The drinking feeds into the issue of sexual assault. Unwelcome lines are crossed while drinking and then sexual assault occurs. But he overlooks the fact that assault also occurs when people are not drinking alcohol. Alcohol can play a factor in rape, but it’s not necessary.

One plus, Pernecker accurately states that a high number of rapes occur on campus. Yet, people do not report their rape. Yet again another point supporting the rape culture. Perhaps these victims do not come forward because they feel ashamed. But there is nothing to be ashamed of. Rape victims have been sexually violated and are not in the wrong. I plead you to remember and acknowledge that fact.

Pernecker states in the beginning how he does “not condone the incident during Homecoming Weekend on Court Street.” However, he alludes to blaming the victim as well as the perpetrator when he says, “just maybe, we should think twice about who we engage in sexual encounters with?”.

Place yourself in the Homecoming assaulted woman’s shoes. Her assault not only has been posted locally on social media, but now has gained national recognition. Now the rape survivor must deal with the aftermath of her sexual assault and cope with the unwanted limelight.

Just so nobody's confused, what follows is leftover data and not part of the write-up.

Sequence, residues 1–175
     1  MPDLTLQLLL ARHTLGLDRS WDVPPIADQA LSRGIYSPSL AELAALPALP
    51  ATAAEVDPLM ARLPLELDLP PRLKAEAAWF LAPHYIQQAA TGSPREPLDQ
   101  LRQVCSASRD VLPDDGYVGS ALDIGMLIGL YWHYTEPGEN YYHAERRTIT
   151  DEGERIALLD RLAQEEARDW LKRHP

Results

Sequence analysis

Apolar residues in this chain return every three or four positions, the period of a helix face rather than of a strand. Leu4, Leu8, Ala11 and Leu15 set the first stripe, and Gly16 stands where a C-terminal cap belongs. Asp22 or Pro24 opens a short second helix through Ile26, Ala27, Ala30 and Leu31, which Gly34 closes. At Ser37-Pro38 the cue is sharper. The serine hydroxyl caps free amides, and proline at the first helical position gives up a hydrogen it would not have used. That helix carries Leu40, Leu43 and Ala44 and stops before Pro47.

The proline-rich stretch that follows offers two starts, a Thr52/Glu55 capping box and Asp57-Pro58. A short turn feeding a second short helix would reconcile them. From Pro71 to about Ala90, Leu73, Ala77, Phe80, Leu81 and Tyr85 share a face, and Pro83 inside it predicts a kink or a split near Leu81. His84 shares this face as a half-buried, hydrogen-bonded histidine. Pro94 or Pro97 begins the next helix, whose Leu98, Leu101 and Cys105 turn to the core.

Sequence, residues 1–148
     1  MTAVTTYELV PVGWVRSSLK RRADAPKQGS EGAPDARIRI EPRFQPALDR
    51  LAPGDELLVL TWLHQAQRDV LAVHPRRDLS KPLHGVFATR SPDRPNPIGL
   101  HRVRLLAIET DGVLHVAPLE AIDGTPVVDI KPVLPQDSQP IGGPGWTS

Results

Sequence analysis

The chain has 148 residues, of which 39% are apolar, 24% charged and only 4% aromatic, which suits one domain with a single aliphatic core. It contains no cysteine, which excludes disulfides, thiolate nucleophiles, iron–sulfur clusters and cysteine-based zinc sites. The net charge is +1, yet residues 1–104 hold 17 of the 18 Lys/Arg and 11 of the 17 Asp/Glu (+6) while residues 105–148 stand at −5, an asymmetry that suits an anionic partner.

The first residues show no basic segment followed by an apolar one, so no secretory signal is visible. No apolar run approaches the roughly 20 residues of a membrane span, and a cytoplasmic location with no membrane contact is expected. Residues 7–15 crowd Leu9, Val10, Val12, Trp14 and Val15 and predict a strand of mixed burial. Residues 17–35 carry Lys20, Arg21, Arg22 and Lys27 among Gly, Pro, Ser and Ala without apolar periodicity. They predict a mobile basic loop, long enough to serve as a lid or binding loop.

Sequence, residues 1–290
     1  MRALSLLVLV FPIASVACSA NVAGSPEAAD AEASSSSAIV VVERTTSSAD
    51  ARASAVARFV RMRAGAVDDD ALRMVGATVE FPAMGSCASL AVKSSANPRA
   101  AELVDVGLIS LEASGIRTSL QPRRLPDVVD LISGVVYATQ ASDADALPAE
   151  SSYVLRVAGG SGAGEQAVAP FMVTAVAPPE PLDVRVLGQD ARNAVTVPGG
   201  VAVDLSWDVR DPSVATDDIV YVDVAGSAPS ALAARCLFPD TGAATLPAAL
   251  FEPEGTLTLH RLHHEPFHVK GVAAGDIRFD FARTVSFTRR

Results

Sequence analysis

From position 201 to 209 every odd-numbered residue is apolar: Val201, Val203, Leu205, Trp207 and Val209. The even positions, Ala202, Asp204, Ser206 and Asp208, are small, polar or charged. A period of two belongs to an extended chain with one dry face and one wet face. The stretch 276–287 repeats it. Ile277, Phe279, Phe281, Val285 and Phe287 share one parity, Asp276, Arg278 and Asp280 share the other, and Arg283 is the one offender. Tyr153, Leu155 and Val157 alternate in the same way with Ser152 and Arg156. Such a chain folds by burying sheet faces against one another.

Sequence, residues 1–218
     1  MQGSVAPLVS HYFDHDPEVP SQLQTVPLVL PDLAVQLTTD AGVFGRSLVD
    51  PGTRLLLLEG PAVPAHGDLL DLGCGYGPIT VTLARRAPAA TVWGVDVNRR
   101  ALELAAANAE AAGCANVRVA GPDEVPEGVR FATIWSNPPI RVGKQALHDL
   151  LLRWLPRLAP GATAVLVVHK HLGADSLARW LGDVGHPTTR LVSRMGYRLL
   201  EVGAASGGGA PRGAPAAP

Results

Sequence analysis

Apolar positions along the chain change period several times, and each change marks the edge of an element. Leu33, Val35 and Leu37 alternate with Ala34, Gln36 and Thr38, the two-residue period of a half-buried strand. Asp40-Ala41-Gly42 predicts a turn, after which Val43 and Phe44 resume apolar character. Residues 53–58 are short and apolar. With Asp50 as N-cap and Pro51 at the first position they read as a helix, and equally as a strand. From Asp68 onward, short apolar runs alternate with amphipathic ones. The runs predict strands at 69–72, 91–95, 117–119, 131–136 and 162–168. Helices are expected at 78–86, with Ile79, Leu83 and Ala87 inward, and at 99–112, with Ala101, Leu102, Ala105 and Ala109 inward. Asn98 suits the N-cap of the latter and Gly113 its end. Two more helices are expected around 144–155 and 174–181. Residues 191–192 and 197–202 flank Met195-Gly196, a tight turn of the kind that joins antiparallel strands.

This event is a reflection of our campus. No one stepped in. No one nearby came to her defense. That in itself proves that a rape culture exists because this somehow was considered normal by bystanders.

Not all Bobcats feel this way. Today I am ashamed to claim myself as a member of this community. I hope for change. There needs to be a shift on campus.  I don’t understand those who are refusing to acknowledge the rape culture. Now is the time to educate yourself about sexual assault so future sexual assaults are prevented.

Concerned and fed up,

Cassie Fait

22 thoughts on “To those who believe “rape culture not prevalent on OU campus”

  1. What happened at homecoming was not rape. A hammered guy preformed oral sex on a hammered woman. That’s not rape. That’s called a bad decision on both their parts. That’s not to say rape doesn’t happen, but in this case it was a woman waking up the next morning, being ashamed of what she did while blacked out and then crying rape. If a guy was gonna actually rape a woman it wouldn’t be eating her out in public. By calling that rape you inherently compare that incident to a woman being held down and told there’s nothing she can do while she’s forcefully raped. It marginalizes the pain of every actual rape victim – and to me that’s sickening.